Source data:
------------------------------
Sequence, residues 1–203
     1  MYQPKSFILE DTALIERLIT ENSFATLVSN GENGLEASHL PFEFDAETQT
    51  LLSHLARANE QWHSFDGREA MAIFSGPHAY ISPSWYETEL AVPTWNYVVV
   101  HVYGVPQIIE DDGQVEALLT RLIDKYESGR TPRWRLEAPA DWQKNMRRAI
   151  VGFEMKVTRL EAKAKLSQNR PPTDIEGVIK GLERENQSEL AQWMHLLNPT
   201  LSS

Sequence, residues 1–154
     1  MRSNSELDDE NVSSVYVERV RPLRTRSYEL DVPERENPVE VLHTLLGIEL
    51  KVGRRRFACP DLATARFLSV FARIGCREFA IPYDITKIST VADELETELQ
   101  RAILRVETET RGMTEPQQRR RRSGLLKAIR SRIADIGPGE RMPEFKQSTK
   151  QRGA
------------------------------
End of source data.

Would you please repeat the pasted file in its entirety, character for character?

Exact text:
Sequence, residues 1–203
     1  MYQPKSFILE DTALIERLIT ENSFATLVSN GENGLEASHL PFEFDAETQT
    51  LLSHLARANE QWHSFDGREA MAIFSGPHAY ISPSWYETEL AVPTWNYVVV
   101  HVYGVPQIIE DDGQVEALLT RLIDKYESGR TPRWRLEAPA DWQKNMRRAI
   151  VGFEMKVTRL EAKAKLSQNR PPTDIEGVIK GLERENQSEL AQWMHLLNPT
   201  LSS

Sequence, residues 1–154
     1  MRSNSELDDE NVSSVYVERV RPLRTRSYEL DVPERENPVE VLHTLLGIEL
    51  KVGRRRFACP DLATARFLSV FARIGCREFA IPYDITKIST VADELETELQ
   101  RAILRVETET RGMTEPQQRR RRSGLLKAIR SRIADIGPGE RMPEFKQSTK
   151  QRGA